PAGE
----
The Triton


Fraser honors four in first short story contest


Capt. Stephen Wilkins took first place in The Crew Network (TCN) and Fraser’s first short story contest for his story “Wave Splashes to Ashes” about a chance encounter with an extraordinary yachtsman on a unique journey at a French marina.

“The author managed to create a strong emotional connection,” the jury noted in its decision. “One could understand and feel for the characters, in particular the older sailor, and feel the bond that was created between them even in such a short period of time. One even felt for the dog.”

“My story of Hans and Golden Wind still rests clearly in my mind, that chance meeting in Brest France at the Port du Chateau marina may possibly have been that the planets were aligned and meant to happen,” Capt. Wilkins wrote in acknowledging the honor. “Many thanks to all those at The Crew Network and Fraser for this great initiative, but equally to all the other enthusiastic writers who submitted their stories, please keep writing.”

Second place went to Capt. Stephen Crosthwaite for “Birthday Cake”, an amusing account of an unfortunate misstep, an angry yacht chef and a group of entertained guests. 

“Every one of us laughed out loud as we read this entry,” the jury noted. “It is a nicely observed, well written, if slightly exaggerated, little vignette.”

“I’m chuffed to bits,” Capt. Crosthwaite replied about winning second place. “The owner does not exist but the core of it is a true story and it did happen on a yacht quite a few years ago to a friend of mine that was the steward onboard. I’ve embellished it a little bit and added in some ‘poetic licence’ and another character, but pretty much it’s all true-ish. I am sure many of the characters (crew) will recognize themselves.”

Third place goes to Georgia Rex, lead stew on a 90m+ private yacht, for “Dear Diary”, her upbeat entry of working on board in Tahiti and enjoying the opportunity to explore this unique destination.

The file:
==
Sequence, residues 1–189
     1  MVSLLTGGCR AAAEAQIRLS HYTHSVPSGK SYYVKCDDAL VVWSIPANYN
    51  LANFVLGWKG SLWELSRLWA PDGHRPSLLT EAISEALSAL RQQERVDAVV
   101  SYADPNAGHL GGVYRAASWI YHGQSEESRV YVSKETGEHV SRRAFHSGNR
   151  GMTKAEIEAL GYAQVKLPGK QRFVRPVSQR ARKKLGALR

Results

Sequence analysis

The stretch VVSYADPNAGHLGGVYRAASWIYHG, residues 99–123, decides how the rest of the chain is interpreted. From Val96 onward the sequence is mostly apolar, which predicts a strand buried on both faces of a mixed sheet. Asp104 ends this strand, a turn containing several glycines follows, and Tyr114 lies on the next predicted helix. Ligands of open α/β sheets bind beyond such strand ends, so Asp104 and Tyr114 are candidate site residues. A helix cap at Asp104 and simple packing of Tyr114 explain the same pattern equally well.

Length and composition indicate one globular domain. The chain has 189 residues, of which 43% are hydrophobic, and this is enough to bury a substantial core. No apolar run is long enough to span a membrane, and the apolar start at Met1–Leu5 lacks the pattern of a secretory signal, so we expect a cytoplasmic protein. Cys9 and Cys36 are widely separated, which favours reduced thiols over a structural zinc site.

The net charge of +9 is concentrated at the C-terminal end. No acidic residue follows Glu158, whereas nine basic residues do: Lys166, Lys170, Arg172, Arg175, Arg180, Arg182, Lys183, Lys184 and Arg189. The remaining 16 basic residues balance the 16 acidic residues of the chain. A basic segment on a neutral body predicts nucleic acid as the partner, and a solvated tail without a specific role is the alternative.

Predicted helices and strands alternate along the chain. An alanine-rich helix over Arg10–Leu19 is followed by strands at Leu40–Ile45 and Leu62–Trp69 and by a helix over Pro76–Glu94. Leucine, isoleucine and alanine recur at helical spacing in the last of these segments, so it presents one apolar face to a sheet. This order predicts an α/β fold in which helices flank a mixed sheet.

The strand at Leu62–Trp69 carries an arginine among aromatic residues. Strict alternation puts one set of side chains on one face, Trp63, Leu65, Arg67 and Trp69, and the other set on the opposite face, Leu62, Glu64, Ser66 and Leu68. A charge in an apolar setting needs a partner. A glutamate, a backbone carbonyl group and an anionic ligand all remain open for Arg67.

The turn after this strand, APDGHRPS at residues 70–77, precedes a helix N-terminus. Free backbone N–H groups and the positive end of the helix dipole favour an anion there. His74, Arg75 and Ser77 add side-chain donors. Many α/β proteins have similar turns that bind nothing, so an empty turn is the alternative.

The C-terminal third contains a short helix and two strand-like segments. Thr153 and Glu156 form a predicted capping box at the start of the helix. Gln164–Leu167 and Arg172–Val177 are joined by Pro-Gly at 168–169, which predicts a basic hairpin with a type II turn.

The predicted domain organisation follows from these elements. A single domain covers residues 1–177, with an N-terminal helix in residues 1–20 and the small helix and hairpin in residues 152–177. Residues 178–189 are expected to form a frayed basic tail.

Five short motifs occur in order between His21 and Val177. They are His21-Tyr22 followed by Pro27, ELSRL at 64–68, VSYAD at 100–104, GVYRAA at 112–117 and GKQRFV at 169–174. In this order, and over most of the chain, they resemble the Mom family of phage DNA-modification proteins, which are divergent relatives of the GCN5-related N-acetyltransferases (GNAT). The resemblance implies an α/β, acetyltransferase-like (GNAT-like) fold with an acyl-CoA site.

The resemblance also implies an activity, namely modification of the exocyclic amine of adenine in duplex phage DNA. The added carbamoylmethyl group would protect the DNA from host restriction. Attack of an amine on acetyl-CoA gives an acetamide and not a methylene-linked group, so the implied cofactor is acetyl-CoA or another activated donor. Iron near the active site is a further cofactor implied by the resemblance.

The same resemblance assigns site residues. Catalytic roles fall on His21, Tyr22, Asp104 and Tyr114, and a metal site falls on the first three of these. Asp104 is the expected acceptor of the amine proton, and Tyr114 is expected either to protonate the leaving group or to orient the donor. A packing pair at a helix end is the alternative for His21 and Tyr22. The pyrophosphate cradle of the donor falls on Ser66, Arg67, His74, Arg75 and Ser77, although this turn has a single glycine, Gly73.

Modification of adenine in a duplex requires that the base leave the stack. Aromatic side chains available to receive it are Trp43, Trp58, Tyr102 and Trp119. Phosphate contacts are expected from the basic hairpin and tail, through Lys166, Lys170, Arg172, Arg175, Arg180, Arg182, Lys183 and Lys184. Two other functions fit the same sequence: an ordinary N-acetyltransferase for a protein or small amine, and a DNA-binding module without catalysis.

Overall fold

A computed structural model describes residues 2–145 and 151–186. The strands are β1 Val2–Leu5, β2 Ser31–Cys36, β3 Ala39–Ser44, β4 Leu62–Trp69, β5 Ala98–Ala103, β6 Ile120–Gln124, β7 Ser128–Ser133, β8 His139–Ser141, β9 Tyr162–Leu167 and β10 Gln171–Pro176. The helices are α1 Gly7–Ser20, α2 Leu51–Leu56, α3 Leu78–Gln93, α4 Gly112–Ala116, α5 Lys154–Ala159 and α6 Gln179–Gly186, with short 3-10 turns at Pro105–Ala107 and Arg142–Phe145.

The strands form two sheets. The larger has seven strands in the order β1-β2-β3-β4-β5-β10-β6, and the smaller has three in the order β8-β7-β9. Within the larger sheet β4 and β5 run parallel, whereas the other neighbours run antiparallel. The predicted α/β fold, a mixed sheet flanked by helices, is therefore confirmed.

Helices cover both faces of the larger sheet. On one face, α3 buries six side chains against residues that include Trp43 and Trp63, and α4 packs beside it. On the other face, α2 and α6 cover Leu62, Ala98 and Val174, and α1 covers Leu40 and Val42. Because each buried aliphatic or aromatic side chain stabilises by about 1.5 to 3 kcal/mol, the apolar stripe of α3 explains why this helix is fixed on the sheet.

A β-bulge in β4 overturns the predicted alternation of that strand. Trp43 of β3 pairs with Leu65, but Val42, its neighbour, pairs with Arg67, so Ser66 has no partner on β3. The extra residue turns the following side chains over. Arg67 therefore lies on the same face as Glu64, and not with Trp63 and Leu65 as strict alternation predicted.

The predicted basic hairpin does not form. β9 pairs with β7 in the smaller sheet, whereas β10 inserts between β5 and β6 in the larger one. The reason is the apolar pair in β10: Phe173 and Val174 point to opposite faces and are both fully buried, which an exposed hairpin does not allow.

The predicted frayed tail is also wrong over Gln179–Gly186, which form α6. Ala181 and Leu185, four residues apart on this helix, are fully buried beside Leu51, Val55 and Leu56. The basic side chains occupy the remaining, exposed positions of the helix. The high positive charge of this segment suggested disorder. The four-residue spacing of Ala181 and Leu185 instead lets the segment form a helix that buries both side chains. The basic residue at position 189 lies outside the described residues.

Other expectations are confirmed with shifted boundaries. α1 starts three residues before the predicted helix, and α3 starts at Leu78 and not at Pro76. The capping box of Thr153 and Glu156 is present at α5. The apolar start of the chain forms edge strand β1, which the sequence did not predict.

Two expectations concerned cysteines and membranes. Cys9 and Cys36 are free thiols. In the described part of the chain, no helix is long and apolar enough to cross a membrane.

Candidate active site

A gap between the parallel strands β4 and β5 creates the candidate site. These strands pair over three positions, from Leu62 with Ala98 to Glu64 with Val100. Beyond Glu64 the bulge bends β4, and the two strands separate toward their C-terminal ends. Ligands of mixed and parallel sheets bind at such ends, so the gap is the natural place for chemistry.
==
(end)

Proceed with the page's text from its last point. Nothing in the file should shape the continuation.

“This was a nicely written piece of work filled with energy and character,” the jury wrote. “We wish it had been a little longer – we were interested to know how she came to choose yachting and to have heard more about her ‘soul sisters and brothers’. But that was another reason we enjoyed this story – we found ourselves wanting to know more.”

“I can’t believe I am one of the winners,” Rex stated. “One of my goals at the moment is to really try and push myself out of my comfort zone, which is why I entered this competition, as it is miles out of my comfort zone.”

A special mention also goes to Andrew Kelly for “Always a Horizon”, a touching romance that brings alive the feeling of missing a faraway love while away at sea.

“A career onboard a yacht, or any sea vessel, is one of the most rewarding and exciting anyone can have,” the jury noted. “But like anything in life, there can be moments of missing. We felt the author tapped into one such moment with delicacy and poignancy that stays with you long after reading his story.”

“When I was writing this story, I was thinking of all the people throughout the industry carrying an invisible burden, those trying to get through the days with a smile on their face that might disappear as soon as they are alone or below decks,” Kelly noted. “We are never alone and there are more folks around who understand than you might think. Talk to people and keep working towards that horizon. I even got a tattoo just recently to remind me of that fact every day.”

Five judges made up the jury: Marika Taishoff, director of the MBA program at the International University of Monaco; Mark Duncan, director of marketing and business development with Fraser; Alessandro D’Angelo, crewing manager (Viareggio & Palma) and business development worldwide for TCN; Anna Kuylenstierna, crewing consultant (Palma) with TCN; and Louise Cailbourdin, crewing manager (Antibes) with TCN.

To read the full stories, click here.

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